The easiest and hardest part of mindful parenting is paying attention. In our hectic day to day life we often do things that we give little or no attention to. How many times, you were cut off by a car, or dropped something and used a curse word, to have your child repeat it over and over again. Children are like sponges and they absorb whatever it is that they hear & see. Yes, it is very difficult to be mindful all time,but Mindful parenting helps you to tune into a sense of an inner landscape as you’re going through the day. Start to pay attention to your thinking. Observe that your self-talk is constant. Start to bring awareness to your thoughts and the tension in your body. Remember, feelings come along with thoughts. Ask yourself, “Am I actually really worried about this, or am I just starting to obsess out of habit?” When you create more freedom and space around the source of those feelings, especially when they are very strong, you have more effective choices. You can also use the breath. For me, taking a slow, deep, intentional breath can bring me back. Sometimes it helps to put a hand on yourself, and say “here I am” to bring calmness to the situation.
Consequently, mindful parenting is seeing and remembering to bring this kind of understanding and insight to our precious moments with our children. It is a true routine that carries with it profound benefits for both children and parents, Being open to learn, from these beautiful little people means paying attention, and learning to take a step back and be still within ourselves. In silence, we are better able to see past the core, of our predisposed beliefs in which we are so frequently caught up, and in return create calmness and insight, which we can bring directly to our parenting.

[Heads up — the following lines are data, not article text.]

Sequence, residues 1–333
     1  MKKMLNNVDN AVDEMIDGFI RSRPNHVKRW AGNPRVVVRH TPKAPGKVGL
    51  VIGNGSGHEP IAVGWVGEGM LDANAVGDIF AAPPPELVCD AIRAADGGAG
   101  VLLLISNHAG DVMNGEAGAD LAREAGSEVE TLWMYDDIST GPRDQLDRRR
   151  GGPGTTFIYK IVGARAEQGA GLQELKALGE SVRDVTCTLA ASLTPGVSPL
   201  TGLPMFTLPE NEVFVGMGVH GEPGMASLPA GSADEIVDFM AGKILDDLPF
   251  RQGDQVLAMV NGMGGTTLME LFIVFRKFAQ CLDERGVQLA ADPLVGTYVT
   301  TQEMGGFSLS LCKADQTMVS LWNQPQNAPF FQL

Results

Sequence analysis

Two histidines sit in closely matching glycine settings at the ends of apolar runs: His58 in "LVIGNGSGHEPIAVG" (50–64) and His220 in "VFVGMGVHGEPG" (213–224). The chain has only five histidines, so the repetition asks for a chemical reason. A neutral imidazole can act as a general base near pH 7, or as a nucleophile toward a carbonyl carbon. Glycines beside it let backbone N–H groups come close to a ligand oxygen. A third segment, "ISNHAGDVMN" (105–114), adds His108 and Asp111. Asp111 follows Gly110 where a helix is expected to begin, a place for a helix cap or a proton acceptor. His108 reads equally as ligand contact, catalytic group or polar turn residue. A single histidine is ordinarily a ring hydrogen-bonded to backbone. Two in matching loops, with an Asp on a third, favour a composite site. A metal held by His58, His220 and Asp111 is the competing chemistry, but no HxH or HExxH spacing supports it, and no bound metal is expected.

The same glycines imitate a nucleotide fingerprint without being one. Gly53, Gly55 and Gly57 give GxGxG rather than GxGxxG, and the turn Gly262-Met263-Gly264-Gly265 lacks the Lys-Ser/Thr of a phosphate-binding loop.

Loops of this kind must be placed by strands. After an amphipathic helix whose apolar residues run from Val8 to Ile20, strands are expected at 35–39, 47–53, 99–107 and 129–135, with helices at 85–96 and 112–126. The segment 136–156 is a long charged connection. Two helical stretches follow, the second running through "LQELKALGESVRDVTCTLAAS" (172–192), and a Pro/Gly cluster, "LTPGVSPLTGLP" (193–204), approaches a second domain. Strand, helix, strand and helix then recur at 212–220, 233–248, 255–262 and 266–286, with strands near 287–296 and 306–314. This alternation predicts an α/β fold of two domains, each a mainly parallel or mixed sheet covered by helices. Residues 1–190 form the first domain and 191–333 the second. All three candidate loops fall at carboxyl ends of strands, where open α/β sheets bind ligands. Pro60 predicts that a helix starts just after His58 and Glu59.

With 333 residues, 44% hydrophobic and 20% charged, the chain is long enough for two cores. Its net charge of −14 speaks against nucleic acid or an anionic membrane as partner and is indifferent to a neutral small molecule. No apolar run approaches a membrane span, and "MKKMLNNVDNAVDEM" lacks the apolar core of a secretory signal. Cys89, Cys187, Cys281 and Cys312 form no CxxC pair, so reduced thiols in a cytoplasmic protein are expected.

Parents have their own needs and desires and lives, just as children do. Our needs as parents is very different from those of our child/ren. Rather than comparing our selves or expecting our children to understand our desires we stop comparing our childhood with our children, develop a special consciousness, in moments, of how our needs are interdependent. Our lives are distinctly deeply connected. When I am happy, so are my children, and when they are happy I am happy too. If they are not doing well, we suffer, and if we are not doing well, they suffer. Everyone benefits when we are aware of our children's needs as well as our own.Bringing forth, this kind of sensitivity to our parenting will enhance our sense of intimacy with our children. Through the quality of our presence, our commitment to them is felt, even in difficult times. And we may find that our choices in moments of conflicting and competing needs will come more out of this heart-felt connection, and as a result will have greater kindness and wisdom in them.